Hypothetical Universalism (Paul Helm) | Credo Magazine

Credo MagazineRecently there has been quite a bit of interest in the variety of views held by Reformed theologians within the parameters of confessional orthodoxy. For example, it is argued the view that is described as ‘Amyraldian’ or ‘hypothetical universalist’ is in fact a variety of views. It has been generally assumed that these are two names for the same thing, but recent work has reminded us that Amyraldianism was a more radical set of positions than others in this family, and in fact that ‘hypothetical universalism’ is an umbrella term for various views of differing strengths, each of them distinct from Amyraldianism proper, that is, from the Amyraldianism of Möise Amyraut, and of John Cameron. This is not a new thought but it is novel to most of us, I suspect. Recent scholarship has involved delving into the distinctive views of various Reformed communities and cultures – Dutch, Engish, French, Genevan and so on.

In this post (and maybe in other posts; we’ll see how we get on), my aim is to give the broad outline of these two positions, and to refer to some of the figures involved. Continue reading →

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One Response to Hypothetical Universalism (Paul Helm) | Credo Magazine

  1. parsonsmike says:

    Copied from my reply at the Credo Magazine website:

    You asked:
    ~[a]What’s hypothetical about this version of hypothetical universalism?
    ~[b]How, according to Davenant, is the work of Christ to be understood?
    ~[c]How does his view of the death of Christ (and only this view?) warrant and facilitate the unfettered preaching of the gospel?

    [a] to answer this, I quote from above:
    There are from the death of Christ generally or indiscriminately applicable non-saving benefits, such as Davenant insisted upon, not an actual salvific universalism nor (given the revealed divine purpose) its possibility, by which all could or might by an exercise of their own free will benefit from his death, but a hypothetical universalism.

    The hypothetical part is that the death of Christ CAN NOT benefit everyone salvifically. More than common love, it would seem that Davenant is saying, is needed to actually bring about the conversion of any one person.

    As to [b], I can not say without researching more of what Davenant has said on the subject.

    As to [c], I cannot see that it does. The Gospel is more than “believe in Jesus and you will be saved.” The Gospel is the proclamation that people are sinners before a righteous God, and they have earned eternal death and suffering for their each and every selfish act, and that the only escape is the Lord Jesus Christ, King and Judge, in that trusting in Him and renouncing their old life, they will be saved from the wrath to come.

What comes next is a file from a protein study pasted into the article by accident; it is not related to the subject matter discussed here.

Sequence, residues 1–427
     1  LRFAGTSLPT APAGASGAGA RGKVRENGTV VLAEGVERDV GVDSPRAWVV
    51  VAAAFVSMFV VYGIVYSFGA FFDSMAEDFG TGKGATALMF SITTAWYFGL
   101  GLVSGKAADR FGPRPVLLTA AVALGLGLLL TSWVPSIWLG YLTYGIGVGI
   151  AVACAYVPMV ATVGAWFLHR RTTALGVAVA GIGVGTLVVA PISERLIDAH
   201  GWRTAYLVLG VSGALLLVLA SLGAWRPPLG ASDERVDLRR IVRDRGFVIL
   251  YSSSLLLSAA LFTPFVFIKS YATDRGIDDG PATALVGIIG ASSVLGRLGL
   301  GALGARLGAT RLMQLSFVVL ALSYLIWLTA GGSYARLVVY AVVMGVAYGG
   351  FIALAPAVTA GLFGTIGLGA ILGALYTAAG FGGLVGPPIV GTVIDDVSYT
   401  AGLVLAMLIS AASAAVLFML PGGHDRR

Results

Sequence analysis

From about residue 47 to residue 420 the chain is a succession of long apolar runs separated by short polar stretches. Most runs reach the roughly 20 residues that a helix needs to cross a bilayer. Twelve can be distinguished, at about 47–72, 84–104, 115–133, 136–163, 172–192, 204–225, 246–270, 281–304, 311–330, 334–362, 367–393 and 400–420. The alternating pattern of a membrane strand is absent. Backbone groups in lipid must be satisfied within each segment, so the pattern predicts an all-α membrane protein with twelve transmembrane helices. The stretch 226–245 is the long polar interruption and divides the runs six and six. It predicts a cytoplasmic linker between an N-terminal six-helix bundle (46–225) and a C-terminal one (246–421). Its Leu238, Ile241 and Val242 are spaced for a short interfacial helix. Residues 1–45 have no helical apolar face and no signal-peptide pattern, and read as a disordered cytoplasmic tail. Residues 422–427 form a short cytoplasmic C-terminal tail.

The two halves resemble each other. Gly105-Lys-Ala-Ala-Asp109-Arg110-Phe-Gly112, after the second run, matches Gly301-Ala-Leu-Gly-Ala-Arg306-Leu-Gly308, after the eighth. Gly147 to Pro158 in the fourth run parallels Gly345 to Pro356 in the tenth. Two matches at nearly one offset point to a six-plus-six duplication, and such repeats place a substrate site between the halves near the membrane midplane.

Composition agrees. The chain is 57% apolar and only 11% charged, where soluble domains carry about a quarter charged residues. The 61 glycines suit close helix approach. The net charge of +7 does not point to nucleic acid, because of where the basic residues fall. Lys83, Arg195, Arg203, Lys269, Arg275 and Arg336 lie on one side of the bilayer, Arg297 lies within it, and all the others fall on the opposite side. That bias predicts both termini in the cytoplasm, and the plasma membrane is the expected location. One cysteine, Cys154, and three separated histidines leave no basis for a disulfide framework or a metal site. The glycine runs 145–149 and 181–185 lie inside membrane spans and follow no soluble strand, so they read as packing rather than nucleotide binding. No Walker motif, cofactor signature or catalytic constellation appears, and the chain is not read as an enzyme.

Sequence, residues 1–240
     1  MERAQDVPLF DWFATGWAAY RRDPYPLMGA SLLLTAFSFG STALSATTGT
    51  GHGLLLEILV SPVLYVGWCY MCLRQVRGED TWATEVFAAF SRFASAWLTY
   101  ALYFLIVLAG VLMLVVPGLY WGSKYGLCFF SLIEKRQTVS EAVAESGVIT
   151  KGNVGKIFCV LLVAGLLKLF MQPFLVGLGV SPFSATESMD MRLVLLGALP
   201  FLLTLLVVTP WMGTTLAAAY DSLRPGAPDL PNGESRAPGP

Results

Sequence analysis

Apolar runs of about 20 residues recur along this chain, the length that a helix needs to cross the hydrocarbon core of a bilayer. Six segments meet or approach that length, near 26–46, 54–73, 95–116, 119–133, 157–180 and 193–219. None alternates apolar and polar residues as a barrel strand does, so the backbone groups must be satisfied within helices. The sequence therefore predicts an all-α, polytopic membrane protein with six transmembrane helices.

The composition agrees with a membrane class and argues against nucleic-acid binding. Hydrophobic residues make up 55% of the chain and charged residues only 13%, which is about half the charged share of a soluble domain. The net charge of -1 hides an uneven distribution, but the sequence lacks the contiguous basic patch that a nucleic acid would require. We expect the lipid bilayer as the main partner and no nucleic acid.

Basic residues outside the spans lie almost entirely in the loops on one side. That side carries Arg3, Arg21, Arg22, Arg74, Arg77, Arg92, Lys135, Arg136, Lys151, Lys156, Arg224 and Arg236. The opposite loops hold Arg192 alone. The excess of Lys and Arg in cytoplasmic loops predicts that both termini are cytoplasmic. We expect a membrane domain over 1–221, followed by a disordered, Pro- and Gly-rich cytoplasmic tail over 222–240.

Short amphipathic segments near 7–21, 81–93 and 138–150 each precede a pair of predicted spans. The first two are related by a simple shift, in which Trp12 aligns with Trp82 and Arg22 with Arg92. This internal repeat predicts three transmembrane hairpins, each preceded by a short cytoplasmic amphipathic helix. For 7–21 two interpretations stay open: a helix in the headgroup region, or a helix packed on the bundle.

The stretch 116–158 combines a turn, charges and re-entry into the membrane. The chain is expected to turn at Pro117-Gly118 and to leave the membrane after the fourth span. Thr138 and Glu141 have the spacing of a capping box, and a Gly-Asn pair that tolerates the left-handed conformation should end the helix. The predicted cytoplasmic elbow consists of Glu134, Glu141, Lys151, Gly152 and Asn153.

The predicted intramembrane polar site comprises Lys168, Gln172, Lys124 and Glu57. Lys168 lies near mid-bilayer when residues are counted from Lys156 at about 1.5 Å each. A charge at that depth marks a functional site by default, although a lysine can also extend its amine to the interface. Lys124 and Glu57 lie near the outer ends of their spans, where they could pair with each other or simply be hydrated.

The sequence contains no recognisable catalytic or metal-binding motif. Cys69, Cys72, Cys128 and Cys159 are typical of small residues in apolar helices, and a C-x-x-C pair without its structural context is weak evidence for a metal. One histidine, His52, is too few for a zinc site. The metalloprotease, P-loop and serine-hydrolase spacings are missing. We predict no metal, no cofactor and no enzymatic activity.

That God loved the world and provided a savior does not mean that He loved each person individually. Rather it means that each individual [those who actually hear or read the Gospel must decide if it is true. Those who experience the love of God [Romans 5:8] will see it as the power of God to salvation, while the rest will see it as foolishness, and will continue to love sin and revel in it. The purpose of the Gospel is two fold: One is to call the elect to Himself, while the other is to seal the rest in their sin.

    Certainly there is benefits to all the world, through the church. Through the church women and children have gained worldly esteem. Hunger and poverty, in the community and across the globe, are mitigated. Other human rights are strengthened. Governments where the church has much influence treat the common person better. But to think that non-elect have a chance at salvation remains an unrealizable hypothetical. One can not be saved unless God seeks to save that one. And when God seeks to save them, they get saved. The rest perish in their sins and justly so. Why justly so? because the sacrifice of the Lord was never for them.


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